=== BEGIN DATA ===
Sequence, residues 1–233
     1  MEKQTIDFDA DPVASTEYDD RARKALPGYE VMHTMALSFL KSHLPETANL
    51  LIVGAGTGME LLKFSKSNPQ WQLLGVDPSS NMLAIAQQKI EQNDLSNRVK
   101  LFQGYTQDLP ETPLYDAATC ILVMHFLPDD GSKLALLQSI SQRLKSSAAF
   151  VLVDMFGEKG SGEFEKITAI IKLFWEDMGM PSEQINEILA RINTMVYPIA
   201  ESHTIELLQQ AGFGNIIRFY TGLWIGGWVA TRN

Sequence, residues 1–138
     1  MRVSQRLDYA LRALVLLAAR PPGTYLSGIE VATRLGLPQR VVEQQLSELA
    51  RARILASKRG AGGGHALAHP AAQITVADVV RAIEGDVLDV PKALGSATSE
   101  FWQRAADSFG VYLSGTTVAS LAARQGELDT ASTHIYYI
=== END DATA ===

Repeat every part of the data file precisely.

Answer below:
Sequence, residues 1–233
     1  MEKQTIDFDA DPVASTEYDD RARKALPGYE VMHTMALSFL KSHLPETANL
    51  LIVGAGTGME LLKFSKSNPQ WQLLGVDPSS NMLAIAQQKI EQNDLSNRVK
   101  LFQGYTQDLP ETPLYDAATC ILVMHFLPDD GSKLALLQSI SQRLKSSAAF
   151  VLVDMFGEKG SGEFEKITAI IKLFWEDMGM PSEQINEILA RINTMVYPIA
   201  ESHTIELLQQ AGFGNIIRFY TGLWIGGWVA TRN

Sequence, residues 1–138
     1  MRVSQRLDYA LRALVLLAAR PPGTYLSGIE VATRLGLPQR VVEQQLSELA
    51  RARILASKRG AGGGHALAHP AAQITVADVV RAIEGDVLDV PKALGSATSE
   101  FWQRAADSFG VYLSGTTVAS LAARQGELDT ASTHIYYI